The time to cut sugar is now

17:00, May 31 2014
TIME TO CUT IT: Research is mounting about the poor health effects of sugar.

The tide of evidence on sugar and its negative effects on health seems to be swelling.

The latest research is from the team at the University of Otago, who have uncovered proof that sugar has a direct effect on risk factors for heart disease, including blood pressure and cholesterol. This is independent of the effect sugar has on weight gain.

Although the effect was described as "modest", researcher Dr Lisa Te Morenga said: "Our findings support public health recommendations to reduce added sugar in our diets as one of the measures which might be expected to reduce the global burden of cardiovascular diseases."

While it is not ideal to focus on a single component of the diet - and we always need to think about the big picture of our total diet rather than getting bogged down trying to eliminate all traces of sugar - we would all do well to keep a close eye on the added sugar we're eating. Which means not only the white stuff we add to things, but also the sugar that's often hidden in bought and processed foods.

Then there is the sugar with a health halo. In my opinion, there's a bit of smoke and mirrors being practised when it comes to "healthy" sugar substitutes. I'm talking about those "refined sugar-free" recipes and cafe treats. Don't be fooled. Just because a cake or a raw sweet treat has no white sugar in it does not make it sugar-free - or any healthier.

Honey, rice malt syrup, agave nectar, molasses and brown, raw or coconut sugar are all simply different types of sugars, composed of various combinations of glucose, fructose, sucrose and maltose, among others. I've also seen dextrose promoted as a sugar substitute by sugar-free diet proponents. I don't really understand this since dextrose is simply another name for glucose, the simplest of all sugars (and the most quickly absorbed).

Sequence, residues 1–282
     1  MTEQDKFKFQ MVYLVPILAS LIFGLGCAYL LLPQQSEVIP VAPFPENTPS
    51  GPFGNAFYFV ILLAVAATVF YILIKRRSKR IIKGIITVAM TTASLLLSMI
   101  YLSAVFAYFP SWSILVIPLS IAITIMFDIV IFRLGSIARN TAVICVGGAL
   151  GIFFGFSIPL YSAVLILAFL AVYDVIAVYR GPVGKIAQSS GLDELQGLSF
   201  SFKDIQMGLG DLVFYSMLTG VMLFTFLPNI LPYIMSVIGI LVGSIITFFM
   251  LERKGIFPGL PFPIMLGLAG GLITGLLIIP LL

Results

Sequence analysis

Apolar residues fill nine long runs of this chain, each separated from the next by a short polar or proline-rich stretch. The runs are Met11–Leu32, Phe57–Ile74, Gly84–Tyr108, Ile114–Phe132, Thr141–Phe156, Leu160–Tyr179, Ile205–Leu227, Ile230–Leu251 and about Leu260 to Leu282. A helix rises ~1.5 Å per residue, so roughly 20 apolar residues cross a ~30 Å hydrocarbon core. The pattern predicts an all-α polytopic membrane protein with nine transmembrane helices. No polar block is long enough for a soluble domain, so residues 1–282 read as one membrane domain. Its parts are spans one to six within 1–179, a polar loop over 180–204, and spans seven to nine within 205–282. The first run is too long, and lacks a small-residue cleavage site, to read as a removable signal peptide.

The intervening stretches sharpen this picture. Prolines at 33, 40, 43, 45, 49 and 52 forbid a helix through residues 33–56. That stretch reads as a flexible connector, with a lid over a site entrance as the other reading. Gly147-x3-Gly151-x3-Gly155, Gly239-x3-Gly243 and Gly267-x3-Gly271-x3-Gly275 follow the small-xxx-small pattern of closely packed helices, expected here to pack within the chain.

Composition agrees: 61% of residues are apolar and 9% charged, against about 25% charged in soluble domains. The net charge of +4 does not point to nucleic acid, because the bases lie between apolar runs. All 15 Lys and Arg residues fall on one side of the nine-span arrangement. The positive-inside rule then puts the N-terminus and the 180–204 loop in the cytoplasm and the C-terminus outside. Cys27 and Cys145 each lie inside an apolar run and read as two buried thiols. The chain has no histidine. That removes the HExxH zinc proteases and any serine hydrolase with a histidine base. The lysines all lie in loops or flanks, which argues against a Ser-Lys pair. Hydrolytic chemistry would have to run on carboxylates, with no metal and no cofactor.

All of these sweeteners are considered added sugars, the type the World Health Organisation tells us we are wise to limit. In fact, its new recommendations are that we eat no more than about six teaspoons a day of added sugar, making a glass of juice or a can of soft drink easily your entire added sugar allowance. Sugar in whole fruit, vegetables and dairy products is not described as added sugar - the sugar is intrinsic in these foods. This is a much better way to get our sweetness.

Dried fruit is often used to give sweetness instead of sugar, too. This is a more concentrated form of sugar than we get from whole fruit, though. It's quite easy to eat a lot of sugar in dried fruit form, and it doesn't fill us up the same as whole fruit.

Dried fruit does give us some fibre, though. So as long as you don't go overboard - and watch out for dried fruit with extra sugar added, such as dried cranberries and blueberries - an occasional treat sweetened with dried fruit is not a bad option.


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